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The State: The Complete Series





(OUT OF 10)

After many delays, the sketch-comedy show that started it all for the folks who would give us Stella, Reno 911! and Wet Hot American Summer finally comes to DVD—and it's worth the wait. When this show originally aired on MTV, I had no damn time to watch it. With this package, I'm seeing a lot of the material for the first time, and it's a blast.

It's surprising how much weirdness this troupe got away with. Standouts include Joe Lo Truglio as a slightly intelligent, rage-filled high school jock searching for the correct word to taunt a classmate. The sketch features Ken Marino eating protein powder straight from the container, and it's a beautiful thing. Lo Truglio has always impressed me in his small film appearances, and seeing his work on this show makes me an even bigger fan. The man deserves his own movie!

There is, of course, Michael Showalter's brilliant Doug, the rebellious teen who can't seem to irritate authority figures, no matter how hard he tries. Michael Ian Black and David Wain (see Bob Grimm's interview with Wain), massive contributors to the show, went on to join Showalter in Stella, arguably the best thing to come out of The State.

Kerri Kenney, the lone woman in the group, is pretty much the Carol Cleveland (Monty Python's lone woman) of The State, but with 1,000 times more talent. She's gone on to do some great, sort of scary work as Deputy Trudy Wiegel on Reno 911! Marino, one of the busiest members of The State, can be seen on the current Starz comedy series Party Down.

The DVDs do not contain a lot of the music that ran on the original show. Songs by big bands like Smashing Pumpkins were not licensed for the DVD, so original State composer Craig Wedren got the chance to go back and provide some new music for old sketches. I'm happy to report that Wedren comes through nicely, so don't sweat the changes.

In many ways, The State is one of the more important American comedy series ever produced. While Mr. Show was totally brilliant, its members have not gone on to the critical and commercial success that members of The State have—and something tells me the likes of Wain, Showalter, Black and Marino are just getting started.

SPECIAL FEATURES: The package gives you all four seasons of the show, plus a bonus disc containing the pilot episode, outtakes, unaired sketches and bloopers. There are a whole lot of commentaries and unaired sketches, each boasting a different combination of cast members.

Two Lovers (Blu-Ray)





(OUT OF 10)

One thing is certain: Joaquin Phoenix, whether or not he's goofing around with this recent stuff about leaving the acting trade for music, distracted people from the greatness of his efforts in this film. Director James Gray and co-star Gwyneth Paltrow should be really pissed at the guy.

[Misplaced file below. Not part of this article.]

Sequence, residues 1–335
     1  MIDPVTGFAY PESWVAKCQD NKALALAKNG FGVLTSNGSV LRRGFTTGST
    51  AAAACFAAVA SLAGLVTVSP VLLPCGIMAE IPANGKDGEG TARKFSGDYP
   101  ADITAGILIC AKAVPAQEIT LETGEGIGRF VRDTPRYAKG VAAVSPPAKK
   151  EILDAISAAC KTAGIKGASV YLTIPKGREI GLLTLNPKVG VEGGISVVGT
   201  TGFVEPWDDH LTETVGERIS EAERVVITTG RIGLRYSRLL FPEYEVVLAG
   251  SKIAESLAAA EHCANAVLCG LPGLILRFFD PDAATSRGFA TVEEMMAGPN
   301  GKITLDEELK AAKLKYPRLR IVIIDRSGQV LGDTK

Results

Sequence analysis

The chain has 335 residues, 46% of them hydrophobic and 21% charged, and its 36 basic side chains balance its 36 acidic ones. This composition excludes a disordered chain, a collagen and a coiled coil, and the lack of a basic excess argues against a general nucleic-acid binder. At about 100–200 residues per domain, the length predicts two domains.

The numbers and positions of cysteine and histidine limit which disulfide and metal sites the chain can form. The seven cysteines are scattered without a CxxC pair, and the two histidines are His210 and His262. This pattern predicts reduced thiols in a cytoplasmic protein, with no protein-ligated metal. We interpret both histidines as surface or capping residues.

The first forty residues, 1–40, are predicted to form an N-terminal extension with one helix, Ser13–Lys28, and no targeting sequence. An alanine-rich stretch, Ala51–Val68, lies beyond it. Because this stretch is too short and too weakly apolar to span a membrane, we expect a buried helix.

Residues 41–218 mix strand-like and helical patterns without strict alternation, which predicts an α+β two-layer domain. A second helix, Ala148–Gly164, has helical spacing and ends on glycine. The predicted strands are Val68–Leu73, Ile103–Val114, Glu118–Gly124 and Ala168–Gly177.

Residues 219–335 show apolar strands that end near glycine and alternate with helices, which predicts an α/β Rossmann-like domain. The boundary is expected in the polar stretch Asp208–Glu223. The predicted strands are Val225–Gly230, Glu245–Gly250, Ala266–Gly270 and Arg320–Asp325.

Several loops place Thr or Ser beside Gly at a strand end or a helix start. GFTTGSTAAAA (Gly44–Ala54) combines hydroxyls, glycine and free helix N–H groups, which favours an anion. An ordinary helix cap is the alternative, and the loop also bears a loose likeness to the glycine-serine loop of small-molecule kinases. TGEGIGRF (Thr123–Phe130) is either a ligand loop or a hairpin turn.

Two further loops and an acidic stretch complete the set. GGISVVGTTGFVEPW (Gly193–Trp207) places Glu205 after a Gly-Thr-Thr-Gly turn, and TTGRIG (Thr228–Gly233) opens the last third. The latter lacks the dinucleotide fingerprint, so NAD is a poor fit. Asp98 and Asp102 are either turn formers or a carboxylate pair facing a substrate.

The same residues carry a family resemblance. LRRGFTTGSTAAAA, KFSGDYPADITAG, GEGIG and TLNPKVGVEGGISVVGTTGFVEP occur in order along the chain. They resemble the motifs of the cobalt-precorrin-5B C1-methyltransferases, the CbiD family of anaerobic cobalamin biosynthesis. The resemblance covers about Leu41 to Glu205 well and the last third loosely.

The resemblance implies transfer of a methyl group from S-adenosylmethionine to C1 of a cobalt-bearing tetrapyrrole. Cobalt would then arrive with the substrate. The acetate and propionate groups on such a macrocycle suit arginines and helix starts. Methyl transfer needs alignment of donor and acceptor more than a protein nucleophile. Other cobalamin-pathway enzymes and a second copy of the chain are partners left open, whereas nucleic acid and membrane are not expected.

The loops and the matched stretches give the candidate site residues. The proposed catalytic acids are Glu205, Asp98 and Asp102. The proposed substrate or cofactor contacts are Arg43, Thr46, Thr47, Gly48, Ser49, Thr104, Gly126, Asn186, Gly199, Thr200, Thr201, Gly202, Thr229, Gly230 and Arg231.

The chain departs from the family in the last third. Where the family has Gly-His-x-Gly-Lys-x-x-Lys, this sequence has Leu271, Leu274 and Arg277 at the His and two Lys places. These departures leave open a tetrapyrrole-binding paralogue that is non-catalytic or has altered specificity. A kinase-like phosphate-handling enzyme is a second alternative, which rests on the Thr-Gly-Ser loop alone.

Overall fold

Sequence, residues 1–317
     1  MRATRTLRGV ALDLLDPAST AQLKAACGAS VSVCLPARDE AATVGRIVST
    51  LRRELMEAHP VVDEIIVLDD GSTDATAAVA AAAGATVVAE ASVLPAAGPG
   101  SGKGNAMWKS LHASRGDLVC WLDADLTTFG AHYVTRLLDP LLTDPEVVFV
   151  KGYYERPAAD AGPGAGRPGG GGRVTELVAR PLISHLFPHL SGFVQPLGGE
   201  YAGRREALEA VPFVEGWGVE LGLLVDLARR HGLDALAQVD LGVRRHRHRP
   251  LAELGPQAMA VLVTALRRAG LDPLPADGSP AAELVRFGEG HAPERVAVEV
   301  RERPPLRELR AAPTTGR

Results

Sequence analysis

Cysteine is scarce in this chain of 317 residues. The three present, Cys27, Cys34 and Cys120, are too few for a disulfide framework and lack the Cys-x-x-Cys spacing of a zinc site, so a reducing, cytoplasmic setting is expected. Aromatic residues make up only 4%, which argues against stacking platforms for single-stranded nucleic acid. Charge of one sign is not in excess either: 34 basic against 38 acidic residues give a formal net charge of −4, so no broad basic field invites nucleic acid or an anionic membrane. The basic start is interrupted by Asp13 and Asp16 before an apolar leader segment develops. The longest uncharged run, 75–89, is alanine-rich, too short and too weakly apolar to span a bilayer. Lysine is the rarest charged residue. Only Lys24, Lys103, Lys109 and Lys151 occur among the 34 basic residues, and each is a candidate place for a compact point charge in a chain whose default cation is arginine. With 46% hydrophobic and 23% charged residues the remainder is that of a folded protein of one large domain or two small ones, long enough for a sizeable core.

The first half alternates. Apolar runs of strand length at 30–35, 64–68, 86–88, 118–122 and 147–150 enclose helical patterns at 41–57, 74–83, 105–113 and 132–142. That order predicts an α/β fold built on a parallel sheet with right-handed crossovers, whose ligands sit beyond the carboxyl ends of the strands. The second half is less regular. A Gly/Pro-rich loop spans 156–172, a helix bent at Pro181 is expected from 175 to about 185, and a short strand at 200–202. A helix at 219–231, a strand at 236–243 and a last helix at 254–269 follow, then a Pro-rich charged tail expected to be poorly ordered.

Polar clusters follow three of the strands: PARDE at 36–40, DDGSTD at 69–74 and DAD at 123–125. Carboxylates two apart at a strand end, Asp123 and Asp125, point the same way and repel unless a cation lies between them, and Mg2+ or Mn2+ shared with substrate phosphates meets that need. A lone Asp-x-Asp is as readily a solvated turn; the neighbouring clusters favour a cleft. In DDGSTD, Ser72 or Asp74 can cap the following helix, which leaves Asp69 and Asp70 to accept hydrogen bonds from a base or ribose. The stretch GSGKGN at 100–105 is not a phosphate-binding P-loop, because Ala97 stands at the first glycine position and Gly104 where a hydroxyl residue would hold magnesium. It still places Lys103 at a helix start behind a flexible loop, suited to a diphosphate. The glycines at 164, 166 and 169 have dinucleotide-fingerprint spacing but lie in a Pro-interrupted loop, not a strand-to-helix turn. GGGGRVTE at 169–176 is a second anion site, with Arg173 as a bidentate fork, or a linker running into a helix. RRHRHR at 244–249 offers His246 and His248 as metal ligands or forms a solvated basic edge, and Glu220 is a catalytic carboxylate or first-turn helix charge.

Phoenix plays Leonard, a Brooklyn man living with his parents after the disintegration of his latest relationship. He works at his dad's dry-cleaning business, and his parents are trying to fix him up with a nice young lady (Vinessa Shaw); Leonard is intrigued. Then, Michelle (Paltrow), a beautiful but troubled woman, moves in next door, and Leonard starts having problems.

Phoenix is good at playing wounded, awkward souls, and this is among his best work. The same can be said for Paltrow, who just keeps getting better with each role. They make you care for Leonard and Michelle, no matter how screwed up they are ... and they are pretty screwed up.

Gray has made a great, complicated love story that is also very funny. It deserved more attention, but the Phoenix antics did plenty to discourage that. Take my word for it: This one is very much worth renting and is destined for year-end top 10 lists.

SPECIAL FEATURES: A couple of interesting deleted scenes worth checking out, and a commentary from Gray.

Eastbound and Down: The Complete First Season





(OUT OF 10)

The very funny Danny McBride is constantly great in this HBO series about a washed-up baseball star (seemingly modeled after John Rocker) who moves in with his brother and teaches gym at a local school. Lots of great talent is involved, including directors David Gordon Green and Adam McKay. Will Ferrell shows up in a couple of episodes as an asshole car dealer, and he, not surprisingly, is extremely funny.

Highlights include an episode in which Kenny faces off with his baseball nemesis (Craig Robinson) at Ferrell's car lot, leading to an incident which culminates in a major eye injury and a nice usage of Kenny Rogers music.

There are only six episodes, but HBO has renewed the show for a second season. That's a very good thing.

SPECIAL FEATURES: Great stuff, including car commercials from Ferrell, commentaries, deleted scenes and outtakes.

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